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Dreaming: Beyond the Shore of Night av Terry…

Dreaming: Beyond the Shore of Night (urspr publ 1990; utgåvan 1998)

av Terry LaBan, Peter Hogan, Alisa Kwitney, Peter Snejbjerg, Neil Gaiman

Serier: The Dreaming [1996-2001] (1-8 collected)

MedlemmarRecensionerPopularitetGenomsnittligt betygOmnämnanden
215393,545 (3.74)3
Featuring characters and situations from the Sandman series, this graphic novel journeys to the Dream King's realm to bring to life three very different aspects of The Dreaming.
Titel:Dreaming: Beyond the Shore of Night
Författare:Terry LaBan
Andra författare:Peter Hogan, Alisa Kwitney, Peter Snejbjerg, Neil Gaiman
Info:Vertigo (1998), Edition: illustrated edition, Paperback, 208 pages
Samlingar:VML / WCF Library


The Dreaming: Beyond the Shores of Night av Terry Laban (1990)



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The Dreaming: Beyond the Shores of Night collects The Dreaming nos. 1-8 from 1996-1997, with the stories “The Goldie Factor,” “The Lost Boy,” and “His Brother’s Keeper.” They were written by Terry LaBan, Peter Hogan, and Alisa Kwitney with art by Peter Snejbjerg, Steve Parkhouse, Michael Zulli, and Dick Giordano. Dave McKean provided the covers while Neil Gaiman acted as a consultant. The stories are set within the Dreaming, the realm of Morpheus the Lord of Dream from Gaiman’s Sandman comic series.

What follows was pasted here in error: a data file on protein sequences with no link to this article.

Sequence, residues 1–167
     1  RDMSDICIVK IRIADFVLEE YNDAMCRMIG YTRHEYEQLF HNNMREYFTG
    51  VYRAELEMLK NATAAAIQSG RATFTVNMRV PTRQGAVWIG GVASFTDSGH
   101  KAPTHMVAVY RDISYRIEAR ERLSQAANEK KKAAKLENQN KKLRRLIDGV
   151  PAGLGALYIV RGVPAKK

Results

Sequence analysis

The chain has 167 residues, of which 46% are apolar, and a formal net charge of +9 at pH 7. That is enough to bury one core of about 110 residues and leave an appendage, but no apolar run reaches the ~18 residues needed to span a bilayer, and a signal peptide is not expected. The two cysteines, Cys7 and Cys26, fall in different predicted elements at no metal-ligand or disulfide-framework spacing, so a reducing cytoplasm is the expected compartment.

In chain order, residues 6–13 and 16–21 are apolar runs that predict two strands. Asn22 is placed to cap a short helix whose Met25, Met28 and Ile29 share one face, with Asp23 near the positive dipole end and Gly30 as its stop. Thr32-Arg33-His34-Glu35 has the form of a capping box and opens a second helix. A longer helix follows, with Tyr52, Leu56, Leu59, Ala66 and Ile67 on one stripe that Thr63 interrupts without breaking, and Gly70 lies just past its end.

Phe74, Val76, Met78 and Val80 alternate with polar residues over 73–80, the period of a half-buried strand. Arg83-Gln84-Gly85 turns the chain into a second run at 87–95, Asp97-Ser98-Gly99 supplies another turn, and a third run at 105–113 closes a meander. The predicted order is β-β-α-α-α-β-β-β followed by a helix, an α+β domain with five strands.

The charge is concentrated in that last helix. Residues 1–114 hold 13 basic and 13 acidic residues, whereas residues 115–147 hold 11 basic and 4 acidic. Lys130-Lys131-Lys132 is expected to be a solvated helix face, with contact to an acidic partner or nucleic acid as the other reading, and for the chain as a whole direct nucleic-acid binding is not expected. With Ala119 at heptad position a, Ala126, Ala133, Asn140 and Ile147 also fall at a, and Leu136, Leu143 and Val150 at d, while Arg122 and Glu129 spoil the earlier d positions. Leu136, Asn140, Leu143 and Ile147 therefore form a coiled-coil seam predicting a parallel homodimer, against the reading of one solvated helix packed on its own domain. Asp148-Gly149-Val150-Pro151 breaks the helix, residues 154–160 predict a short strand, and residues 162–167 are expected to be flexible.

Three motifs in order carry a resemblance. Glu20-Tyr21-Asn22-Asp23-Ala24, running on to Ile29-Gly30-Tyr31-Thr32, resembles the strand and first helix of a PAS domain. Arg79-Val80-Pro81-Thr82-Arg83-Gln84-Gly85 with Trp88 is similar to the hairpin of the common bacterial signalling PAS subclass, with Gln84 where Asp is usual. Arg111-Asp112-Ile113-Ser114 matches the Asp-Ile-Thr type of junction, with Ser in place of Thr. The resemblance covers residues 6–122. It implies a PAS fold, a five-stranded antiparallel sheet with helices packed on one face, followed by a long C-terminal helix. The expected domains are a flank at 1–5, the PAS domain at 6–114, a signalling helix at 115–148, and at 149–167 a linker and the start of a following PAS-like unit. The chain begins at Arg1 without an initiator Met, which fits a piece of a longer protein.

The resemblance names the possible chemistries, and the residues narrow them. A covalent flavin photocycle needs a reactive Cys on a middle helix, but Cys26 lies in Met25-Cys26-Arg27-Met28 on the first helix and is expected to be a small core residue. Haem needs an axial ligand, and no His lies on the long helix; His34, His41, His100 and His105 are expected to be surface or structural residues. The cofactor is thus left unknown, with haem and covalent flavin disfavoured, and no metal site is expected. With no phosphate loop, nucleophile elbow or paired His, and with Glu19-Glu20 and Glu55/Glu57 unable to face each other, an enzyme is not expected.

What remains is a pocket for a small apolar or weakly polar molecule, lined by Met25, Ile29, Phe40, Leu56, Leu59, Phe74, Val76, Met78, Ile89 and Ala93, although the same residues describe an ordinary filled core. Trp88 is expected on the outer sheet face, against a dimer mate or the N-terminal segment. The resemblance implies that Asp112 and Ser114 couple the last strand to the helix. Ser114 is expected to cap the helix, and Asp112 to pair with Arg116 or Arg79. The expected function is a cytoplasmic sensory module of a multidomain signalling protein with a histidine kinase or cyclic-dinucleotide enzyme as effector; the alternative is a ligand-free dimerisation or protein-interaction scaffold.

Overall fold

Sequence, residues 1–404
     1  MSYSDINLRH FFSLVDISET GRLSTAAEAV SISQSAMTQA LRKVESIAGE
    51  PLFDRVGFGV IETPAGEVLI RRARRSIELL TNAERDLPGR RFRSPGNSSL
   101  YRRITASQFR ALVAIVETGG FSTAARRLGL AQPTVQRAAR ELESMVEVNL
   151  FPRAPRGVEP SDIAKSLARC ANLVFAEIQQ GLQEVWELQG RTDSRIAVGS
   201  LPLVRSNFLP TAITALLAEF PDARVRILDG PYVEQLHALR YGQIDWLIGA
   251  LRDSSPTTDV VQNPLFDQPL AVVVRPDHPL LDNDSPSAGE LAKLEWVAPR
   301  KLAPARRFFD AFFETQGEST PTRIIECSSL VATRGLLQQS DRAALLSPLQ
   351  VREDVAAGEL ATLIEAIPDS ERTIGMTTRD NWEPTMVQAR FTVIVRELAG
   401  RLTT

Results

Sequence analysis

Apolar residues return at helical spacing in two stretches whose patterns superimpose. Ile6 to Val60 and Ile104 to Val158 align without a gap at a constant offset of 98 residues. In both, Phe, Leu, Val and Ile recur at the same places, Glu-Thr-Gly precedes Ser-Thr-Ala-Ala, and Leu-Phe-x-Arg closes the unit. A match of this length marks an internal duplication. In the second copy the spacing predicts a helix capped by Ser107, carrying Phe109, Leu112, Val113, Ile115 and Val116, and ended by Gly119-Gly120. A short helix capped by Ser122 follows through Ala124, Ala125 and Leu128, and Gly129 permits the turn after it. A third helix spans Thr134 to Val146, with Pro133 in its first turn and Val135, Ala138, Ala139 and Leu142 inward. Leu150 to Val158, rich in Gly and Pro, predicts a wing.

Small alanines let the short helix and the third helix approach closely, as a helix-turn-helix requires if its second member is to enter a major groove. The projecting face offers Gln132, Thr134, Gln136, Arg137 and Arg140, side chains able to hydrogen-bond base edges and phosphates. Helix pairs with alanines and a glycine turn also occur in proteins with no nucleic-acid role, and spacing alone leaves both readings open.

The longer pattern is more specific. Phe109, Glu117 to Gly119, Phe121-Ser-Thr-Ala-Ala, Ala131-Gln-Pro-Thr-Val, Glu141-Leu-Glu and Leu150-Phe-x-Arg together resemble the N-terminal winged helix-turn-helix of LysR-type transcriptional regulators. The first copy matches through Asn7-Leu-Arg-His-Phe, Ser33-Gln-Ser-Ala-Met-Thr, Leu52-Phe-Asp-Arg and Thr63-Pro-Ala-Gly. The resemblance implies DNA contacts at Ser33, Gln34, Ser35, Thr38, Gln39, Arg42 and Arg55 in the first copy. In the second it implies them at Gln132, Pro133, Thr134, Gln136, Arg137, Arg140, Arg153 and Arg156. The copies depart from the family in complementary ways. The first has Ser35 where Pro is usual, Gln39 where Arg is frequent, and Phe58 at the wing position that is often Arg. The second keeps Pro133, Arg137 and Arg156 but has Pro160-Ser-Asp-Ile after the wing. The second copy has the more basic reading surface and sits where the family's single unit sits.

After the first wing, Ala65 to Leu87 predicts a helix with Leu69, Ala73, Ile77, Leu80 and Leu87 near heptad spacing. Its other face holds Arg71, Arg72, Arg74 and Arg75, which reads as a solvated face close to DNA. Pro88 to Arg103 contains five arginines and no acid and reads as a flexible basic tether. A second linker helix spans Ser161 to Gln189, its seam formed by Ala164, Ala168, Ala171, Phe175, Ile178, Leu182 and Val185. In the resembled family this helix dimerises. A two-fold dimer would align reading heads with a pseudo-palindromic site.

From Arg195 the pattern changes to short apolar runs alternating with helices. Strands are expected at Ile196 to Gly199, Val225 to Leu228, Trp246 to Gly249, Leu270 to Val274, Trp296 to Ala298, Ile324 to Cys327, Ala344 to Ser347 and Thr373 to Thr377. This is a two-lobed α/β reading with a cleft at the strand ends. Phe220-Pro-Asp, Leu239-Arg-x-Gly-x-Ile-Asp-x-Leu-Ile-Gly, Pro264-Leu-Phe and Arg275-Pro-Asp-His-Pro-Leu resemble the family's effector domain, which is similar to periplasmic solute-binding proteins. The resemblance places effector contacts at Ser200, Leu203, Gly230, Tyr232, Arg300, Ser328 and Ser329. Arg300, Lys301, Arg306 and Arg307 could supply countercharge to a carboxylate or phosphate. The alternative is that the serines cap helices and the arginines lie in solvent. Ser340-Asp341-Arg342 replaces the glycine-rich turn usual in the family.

In “The Goldie Factor,” Abel’s golden gargoyle wanders off after seeing the abuse Cain constantly inflicts upon Abel. The two brothers go searching for Goldie and find the meaning of origin stories. “The Lost Boy” focuses on a man who finds himself transported forty years into the future and must figure out his place in the world. It also features Johanna Constantine, Made Hettie, Destiny, and Cain from The Sandman. Finally, “His Brother’s Keeper” further explores the relationship between Cain and Abel as well as their extended family: mother Eve, brother Seth, and sister Aclima.

Interesting as these stories are, both Gaiman’s Endless Nights anthology and DC’s reboot of The Dreaming under their 2018 Sandman Universe banner ignored all of the events and characters from this version of the title. As satisfying as series contributor Caitlin R. Kiernan found the work, she felt it suffered from the expectation that it live up to Neil Gaiman’s Sandman rather than exist as its own, loosely-related work. For fans of Gaiman’s The Sandman, this still has plenty to offer even if later stories removed it from canon. ( )
  DarthDeverell | Jul 6, 2019 |
Three story arcs collected in one volume. The Goldie Factor in which Abel's gargoyle is lead astray by the Serpent who is trying to undo the Fall and then discovers her identity and destiny; The Lost Boy in which an encounter with the Fay and with Mad Hetty causes a man to lose his way in time but participate in the fate of the US as a nation; and His Brother's Keeper, in which Seth learns more about his brothers. Each is interesting in its own way. ( )
  ritaer | Dec 17, 2018 |